Just like in Austen’s “Emma,” Knightley is demanding towards Emma and upholds his expectations for her behaviors to the stringent standards that he has for himself, and yet at the same time, the faults and difficulties within her behaviors aren’t magnified or made to feel villainous. His reflections about Emma and the way that they interact with each other feels very true to the way that Austen developed their emerging romantic relationship.
As Knightley comes to understand what he is feeling for Emma is more than their long-held friendship, he also comes to the achingly difficult decision that since she isn’t in love with him, and perhaps is in love with another; therefore, he must refrain from expressing the growing affection that he is developing for her. It was fascinating to read such a well-developed side of Knightley’s own personal struggles because I felt like I connected more with him as a character and I gained an even deeper respect for him as a member of the Highbury community. This story ends when Frank Churchill leaves Highbury, so you’ll probably be anxiously looking to read the follow-up book right away.
This book offers all fans of “Emma” the opportunity to gain a realistic and skillfully developed look at Austen’s story from Knightley’s POV, while at the same time retaining much of the same feel and tone of Austen’s story. I highly recommend this book for all JAFF readers who love “Emma,” as well as to all JAFF readers who enjoy reading Austen’s stories through the eyes of her irresistible heroes. Ceri’s blog, Babblings of a Bookworm, has a lovely review of book two in this series.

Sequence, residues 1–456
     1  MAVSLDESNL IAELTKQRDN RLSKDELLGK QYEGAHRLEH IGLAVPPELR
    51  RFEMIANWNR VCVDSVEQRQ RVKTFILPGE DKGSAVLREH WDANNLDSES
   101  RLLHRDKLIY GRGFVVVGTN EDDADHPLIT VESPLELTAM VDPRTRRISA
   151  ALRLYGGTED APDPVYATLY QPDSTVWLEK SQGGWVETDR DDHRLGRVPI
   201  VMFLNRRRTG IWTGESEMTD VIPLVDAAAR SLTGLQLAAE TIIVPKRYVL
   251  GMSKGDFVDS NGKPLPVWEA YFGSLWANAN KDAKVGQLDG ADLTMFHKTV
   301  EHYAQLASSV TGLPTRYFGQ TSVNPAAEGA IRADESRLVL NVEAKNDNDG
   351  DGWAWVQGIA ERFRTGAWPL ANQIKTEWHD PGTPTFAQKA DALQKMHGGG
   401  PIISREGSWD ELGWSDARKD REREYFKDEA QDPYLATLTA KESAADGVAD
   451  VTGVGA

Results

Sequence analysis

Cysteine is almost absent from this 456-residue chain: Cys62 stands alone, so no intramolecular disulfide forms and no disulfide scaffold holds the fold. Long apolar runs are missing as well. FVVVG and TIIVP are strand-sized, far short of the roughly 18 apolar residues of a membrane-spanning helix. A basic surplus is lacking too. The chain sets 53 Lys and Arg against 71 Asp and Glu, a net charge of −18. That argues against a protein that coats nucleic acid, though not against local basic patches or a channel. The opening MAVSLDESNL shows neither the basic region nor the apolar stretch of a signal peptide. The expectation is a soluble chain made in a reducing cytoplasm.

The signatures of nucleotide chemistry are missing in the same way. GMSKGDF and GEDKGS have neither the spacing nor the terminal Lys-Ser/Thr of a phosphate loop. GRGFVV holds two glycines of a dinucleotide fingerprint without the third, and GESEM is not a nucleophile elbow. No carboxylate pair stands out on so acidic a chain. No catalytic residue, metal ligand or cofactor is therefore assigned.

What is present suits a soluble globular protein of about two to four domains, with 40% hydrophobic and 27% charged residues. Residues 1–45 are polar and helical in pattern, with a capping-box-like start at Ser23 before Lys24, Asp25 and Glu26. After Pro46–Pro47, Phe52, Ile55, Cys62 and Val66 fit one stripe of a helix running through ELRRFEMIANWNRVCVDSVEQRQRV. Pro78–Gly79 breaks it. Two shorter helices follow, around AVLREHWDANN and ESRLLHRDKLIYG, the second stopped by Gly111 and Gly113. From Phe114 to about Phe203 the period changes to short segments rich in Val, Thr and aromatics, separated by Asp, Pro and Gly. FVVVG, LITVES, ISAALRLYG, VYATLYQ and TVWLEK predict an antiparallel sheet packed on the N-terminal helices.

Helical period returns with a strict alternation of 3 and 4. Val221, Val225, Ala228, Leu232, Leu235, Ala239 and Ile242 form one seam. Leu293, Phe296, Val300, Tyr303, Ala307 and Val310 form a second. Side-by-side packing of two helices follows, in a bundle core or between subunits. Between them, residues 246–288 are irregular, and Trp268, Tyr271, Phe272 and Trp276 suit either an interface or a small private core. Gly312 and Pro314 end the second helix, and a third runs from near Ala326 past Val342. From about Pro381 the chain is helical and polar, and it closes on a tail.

Our Goodreads Austenesque Lovers TBR Pile Reading Challenge 2016 group read this book together and you can view all of the discussions that took place around this story.
This post by Austen Only Emma Season: Mr Knightley, Magistrate, provides some wonderful information about Mr. Knightley’s role as a magistrate.
JASNA has an article titled, “A Hypothetical Map of Highbury,” where they share (see map above) how Highbury may have been designed during this era.
I also had the pleasure of visiting The Morgan Library & Museum on 225 Madison Avenue at 36th Street, New York, NY 10016, where I enjoyed a viewing of a first edition of Jane Austen’s “Emma.”
The plaque below the book says, “Debut Of Emma: Among the many Austen manuscripts at the Morgan are accounts of the composition and publication of this novel, here displayed in its original boards, uncut – just as it appeared on its first day of publication. Austen decided to publish it at her own expense along with a second edition of Mansfield Park. Unfortunately, the market could not absorb two of her novels at the same time. Emma turned a profit, but the publisher deducted from it the losses incurred by Mansfield Park, leaving the author a pittance for one of her most accomplished creations.
Jane Austen (1775-1817) Emma: A Novel, in Three Volumes. By the author of “Pride and Prejudice,” London: Printed for John Murray, 1816. (Purchased in 1928)
I would like to offer one Just Jane 1813 reader an opportunity to win an ebook of “George Knightley, Esquire : Charity Envieth Not.” Please leave a comment below this post, to enter this giveaway, by midnight ET on June 16th. The winner of this giveaway will be announced on this blog on June 17, 2016.
I’d like to thank Barbara Cornthwaite for writing such a carefully researched and thoughtful story based on Mr. Knightley’s POV. This book has been a JAFF favorite for several years, and it’s easy to see why it remains a fan favorite!
Visit Amazon to add these books to your shelf. “George Knightley, Esquire, Book Two” is available through KindleUnlimited.